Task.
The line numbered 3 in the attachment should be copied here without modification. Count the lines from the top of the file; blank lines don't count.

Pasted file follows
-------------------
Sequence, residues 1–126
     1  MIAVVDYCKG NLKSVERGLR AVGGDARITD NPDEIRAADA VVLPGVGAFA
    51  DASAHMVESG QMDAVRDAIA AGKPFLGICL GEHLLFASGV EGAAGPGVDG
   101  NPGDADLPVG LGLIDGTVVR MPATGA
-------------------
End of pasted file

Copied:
    51  DASAHMVESG QMDAVRDAIA AGKPFLGICL GEHLLFASGV EGAAGPGVDG